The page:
Islamic Finance in physical commodities trade

Islamic FinanceCommodity traders increasingly turn to Islamic Finance instruments in search of attractive financing terms, while entities adherent to rules of Islamic Fianance are eager to step in considering a relative shortage of Sharia’s compliant instruments that allow for effective liquidity management. Until present Islamic Finance compliant financial institutions have been employing commodities from the London Metal Exchange to structure short-term funding transactions with much success. Nonetheless this activity seem to not fulfill their ambitions any longer.

Furthermore banks from GCC countries appear to be eager to fill the gap left by some of the European players that decided to limit their exposure to commodity business, due to liquidity constraints (particularly in USD currency terms). This is not an issue that raise concerns of GCC based banks at the moment.

Generally speaking, we could argue that much of initial growth of Islamic finance was fueled by the needs of commodity trade. Particularly to satisfy increased financing needs of oil-importing Islamic countries in 70′s. Nowadays Islamic Finance is  forecasted to reach a size of 2 trillion USD over this year. What position it as one of the most prospective areas of financial industry as a whole. For those who did not manage yet to familiarize themselves with its basic tenets, its main characteristic is that no interest rates can be charged whatsoever nonetheless mark-up’s and shares of borrower’s profit are allowed. There exists a number of standardized products to enable the financing of projects and trade. Some instruments employed are quiet complex examples of financial engineering, combining a number of Sharia’s compliant financial instruments to create a product that provides acceptable risk/return ratios.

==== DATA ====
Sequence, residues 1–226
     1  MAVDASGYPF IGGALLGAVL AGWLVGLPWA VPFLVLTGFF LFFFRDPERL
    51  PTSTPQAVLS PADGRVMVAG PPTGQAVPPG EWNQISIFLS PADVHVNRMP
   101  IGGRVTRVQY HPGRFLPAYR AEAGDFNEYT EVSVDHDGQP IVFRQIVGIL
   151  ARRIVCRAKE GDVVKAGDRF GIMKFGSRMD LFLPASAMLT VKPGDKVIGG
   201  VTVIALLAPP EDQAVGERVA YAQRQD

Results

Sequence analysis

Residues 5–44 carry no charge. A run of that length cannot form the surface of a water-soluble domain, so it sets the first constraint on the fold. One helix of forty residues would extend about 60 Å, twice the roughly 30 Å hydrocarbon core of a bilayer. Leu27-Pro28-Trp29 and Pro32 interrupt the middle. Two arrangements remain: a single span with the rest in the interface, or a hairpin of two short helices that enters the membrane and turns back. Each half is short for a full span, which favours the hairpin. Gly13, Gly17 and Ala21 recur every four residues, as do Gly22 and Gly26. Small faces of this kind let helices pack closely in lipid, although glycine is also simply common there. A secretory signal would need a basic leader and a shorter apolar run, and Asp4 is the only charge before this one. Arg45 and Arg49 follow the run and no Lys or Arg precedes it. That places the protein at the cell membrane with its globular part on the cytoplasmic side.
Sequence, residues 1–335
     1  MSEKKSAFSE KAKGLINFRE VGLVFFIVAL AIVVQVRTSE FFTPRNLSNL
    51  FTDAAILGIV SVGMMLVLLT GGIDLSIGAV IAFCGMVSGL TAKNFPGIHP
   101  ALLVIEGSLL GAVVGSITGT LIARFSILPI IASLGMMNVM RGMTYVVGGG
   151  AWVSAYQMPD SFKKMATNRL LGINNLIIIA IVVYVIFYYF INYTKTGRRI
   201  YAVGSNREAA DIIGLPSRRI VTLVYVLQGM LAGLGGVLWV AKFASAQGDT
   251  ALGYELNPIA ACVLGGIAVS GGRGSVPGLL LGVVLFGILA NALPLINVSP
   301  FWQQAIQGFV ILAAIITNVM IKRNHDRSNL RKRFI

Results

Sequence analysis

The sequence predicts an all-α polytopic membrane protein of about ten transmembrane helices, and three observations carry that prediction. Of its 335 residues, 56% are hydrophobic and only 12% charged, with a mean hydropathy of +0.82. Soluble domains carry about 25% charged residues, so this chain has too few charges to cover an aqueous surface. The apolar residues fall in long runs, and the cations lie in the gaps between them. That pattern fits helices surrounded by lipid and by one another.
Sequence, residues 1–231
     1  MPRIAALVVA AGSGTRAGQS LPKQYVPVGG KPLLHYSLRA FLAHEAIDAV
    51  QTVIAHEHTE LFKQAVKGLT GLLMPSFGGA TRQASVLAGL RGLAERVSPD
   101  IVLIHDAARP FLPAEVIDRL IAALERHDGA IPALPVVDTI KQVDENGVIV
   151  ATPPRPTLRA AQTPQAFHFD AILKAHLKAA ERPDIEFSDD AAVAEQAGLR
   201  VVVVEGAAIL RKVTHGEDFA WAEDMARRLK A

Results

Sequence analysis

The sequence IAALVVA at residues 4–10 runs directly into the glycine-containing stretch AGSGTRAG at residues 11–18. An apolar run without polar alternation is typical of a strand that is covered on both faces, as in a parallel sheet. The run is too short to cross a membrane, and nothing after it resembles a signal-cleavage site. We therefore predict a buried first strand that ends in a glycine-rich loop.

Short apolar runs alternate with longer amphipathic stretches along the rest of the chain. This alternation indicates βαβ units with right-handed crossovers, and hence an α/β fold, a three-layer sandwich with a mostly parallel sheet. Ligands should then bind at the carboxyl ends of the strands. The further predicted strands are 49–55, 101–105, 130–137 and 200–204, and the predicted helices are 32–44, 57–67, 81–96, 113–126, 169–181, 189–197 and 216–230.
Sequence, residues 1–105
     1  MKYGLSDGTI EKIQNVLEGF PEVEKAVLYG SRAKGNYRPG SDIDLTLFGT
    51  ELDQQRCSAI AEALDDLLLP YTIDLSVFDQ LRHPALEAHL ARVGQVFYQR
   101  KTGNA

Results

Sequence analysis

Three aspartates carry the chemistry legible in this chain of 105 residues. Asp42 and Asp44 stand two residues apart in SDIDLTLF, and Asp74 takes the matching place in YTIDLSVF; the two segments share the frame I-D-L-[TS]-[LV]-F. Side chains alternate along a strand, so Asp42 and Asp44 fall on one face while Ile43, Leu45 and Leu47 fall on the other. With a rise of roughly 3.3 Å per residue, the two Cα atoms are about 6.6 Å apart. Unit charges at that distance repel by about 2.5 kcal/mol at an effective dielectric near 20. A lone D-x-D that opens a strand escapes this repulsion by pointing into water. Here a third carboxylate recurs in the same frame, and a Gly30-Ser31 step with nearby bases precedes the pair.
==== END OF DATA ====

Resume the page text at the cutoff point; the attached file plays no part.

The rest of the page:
Interesting project regarding physical commodities trade is developed within JLT Free Zone in Dubai. The Zone was brought into existence  as a strategic project of Dubai’s government in order to provide the physical market (including trade platforms and storage facilities) and financial cluster  for creation of commodities market place in Dubai.  Despite the fact that The Dubai Multi Commodities Centre is focused on trade of  Gold, Diamonds, Pearls and Tea, more typical commodities for Western based commodities traders as Oil or Copper are also exchanged.  DMCC  provides excellent facilities to track ownership of commodities in question to make sure that a factual sale of assets has occurred. It is important from the view of Islamic Finance principles adherance and from the perspective of people involved in physical trade.

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